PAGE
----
A TVape survey of cannabis consumers suggests that users are not only consuming more cannabis during the coronavirus pandemic but are also shifting more toward vaporizer use and away from combustion.
A slight majority – 53.89 percent – of the 360 people surveyed said they were consuming more cannabis since the call to quarantine, with 41.39 percent saying they are consuming the same amount, and just 4.72 percent of respondents saying they were consuming less.
Prior to the pandemic, 56.11 percent of respondents said vaporizing was their preferred method of consuming cannabis – that figure jumped to 73.06 as citizens throughout the U.S. quarantined either on their own accord or government direction. According to the survey, the number of people using a bong doubled from 5 percent to 10 percent, while the number of people who predominately smoked joints fell from 16.67 percent to 6.11 percent. Pipe use also dropped among the respondents from 5.83 percent to 1.94 percent.
According to the survey, 20.56 percent of those who changed their preferred consumption method attributed the shift to concern over their lung health. COVID-19 – the disease caused by the coronavirus – affects the respiratory system and some patients end up on respirators. Another 12.5 percent said they changed their method to something more convenient, 6.67 percent indicated they switched it up out of boredom, 5.28 percent chose a method with less odor, and 4.72 percent said their new method saves them money by using less product. Just about half of respondents (50.28 percent) said they haven’t changed how they consume.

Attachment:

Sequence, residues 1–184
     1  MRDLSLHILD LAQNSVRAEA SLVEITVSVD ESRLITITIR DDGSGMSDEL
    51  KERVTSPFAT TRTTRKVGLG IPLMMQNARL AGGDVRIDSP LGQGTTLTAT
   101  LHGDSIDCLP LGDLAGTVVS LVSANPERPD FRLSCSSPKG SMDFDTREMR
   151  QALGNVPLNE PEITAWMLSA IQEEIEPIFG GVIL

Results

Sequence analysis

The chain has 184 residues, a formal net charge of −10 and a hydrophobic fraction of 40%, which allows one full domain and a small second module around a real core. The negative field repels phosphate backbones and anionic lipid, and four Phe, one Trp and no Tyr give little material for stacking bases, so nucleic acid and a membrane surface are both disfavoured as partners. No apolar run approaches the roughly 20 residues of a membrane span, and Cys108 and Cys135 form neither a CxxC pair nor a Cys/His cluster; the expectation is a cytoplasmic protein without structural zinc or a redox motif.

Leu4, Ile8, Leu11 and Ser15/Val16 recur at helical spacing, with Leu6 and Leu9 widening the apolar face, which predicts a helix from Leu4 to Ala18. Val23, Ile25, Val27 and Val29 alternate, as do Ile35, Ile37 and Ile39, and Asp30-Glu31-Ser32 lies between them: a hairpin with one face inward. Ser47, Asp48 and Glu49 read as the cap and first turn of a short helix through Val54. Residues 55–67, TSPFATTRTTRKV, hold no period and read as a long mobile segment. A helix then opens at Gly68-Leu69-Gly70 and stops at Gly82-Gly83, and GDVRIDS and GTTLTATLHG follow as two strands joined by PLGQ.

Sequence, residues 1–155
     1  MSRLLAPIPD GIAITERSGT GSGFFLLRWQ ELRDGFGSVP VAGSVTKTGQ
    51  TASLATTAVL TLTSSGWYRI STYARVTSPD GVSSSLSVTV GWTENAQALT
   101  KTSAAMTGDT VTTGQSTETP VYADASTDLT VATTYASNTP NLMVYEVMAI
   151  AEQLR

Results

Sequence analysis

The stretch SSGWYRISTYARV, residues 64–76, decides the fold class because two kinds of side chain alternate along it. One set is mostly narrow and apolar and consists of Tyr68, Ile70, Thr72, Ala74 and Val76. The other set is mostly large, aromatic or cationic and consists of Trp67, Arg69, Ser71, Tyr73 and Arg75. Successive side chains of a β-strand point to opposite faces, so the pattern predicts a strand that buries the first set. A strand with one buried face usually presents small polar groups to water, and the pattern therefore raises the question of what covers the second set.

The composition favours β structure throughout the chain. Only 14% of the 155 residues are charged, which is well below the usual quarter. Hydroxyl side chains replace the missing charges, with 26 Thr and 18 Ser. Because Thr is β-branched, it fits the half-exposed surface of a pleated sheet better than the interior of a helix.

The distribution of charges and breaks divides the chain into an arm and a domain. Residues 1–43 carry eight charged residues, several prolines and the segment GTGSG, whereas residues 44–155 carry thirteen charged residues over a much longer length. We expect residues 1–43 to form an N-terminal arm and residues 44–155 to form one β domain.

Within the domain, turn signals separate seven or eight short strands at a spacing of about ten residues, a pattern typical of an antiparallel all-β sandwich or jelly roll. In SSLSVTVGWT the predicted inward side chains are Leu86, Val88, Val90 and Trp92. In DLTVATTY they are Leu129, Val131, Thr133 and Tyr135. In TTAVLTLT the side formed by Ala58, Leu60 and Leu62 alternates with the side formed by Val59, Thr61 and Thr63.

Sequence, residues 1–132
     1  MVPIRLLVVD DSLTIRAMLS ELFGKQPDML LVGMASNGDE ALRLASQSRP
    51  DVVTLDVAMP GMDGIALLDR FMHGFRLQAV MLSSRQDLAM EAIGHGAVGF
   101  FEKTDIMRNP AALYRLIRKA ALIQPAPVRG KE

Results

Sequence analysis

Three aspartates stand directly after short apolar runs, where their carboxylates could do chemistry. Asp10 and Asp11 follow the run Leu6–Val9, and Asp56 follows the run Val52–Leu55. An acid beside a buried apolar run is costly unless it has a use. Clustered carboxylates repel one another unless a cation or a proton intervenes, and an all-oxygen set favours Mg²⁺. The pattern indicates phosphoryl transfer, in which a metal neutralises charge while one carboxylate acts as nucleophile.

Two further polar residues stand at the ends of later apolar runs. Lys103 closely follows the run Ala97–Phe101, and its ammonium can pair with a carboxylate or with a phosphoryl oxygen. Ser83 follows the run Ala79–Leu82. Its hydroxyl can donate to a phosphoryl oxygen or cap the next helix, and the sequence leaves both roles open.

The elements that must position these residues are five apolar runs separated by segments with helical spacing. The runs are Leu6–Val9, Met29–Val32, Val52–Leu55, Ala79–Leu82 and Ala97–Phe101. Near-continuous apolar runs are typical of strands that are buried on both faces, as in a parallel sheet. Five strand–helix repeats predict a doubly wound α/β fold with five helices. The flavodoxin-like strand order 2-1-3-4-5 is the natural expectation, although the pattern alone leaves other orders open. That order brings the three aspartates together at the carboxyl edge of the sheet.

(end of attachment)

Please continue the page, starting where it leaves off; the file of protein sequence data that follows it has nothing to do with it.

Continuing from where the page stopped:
The survey also found the number of people “likely” to use a vaporizer increased 20 percent – from 68.06 percent to 88.06 percent – and about 9 percent more were more likely to consume indoors (62.5 percent to 71.67 percent).
The survey respondents also indicated that they were consuming more cannabis in the morning and afternoon post-pandemic, with the number of daytime consumers rising from 16.12 percent to 35.56 percent.
Also, users seemed to be split about whether they are willing to share a “piece” with another person during the pandemic as 59.72 percent said they were not likely to share their piece and 48.89 percent said they were not likely to host group sessions with friends.
In most states, cannabis was considered an essential service during pandemic shutdowns.
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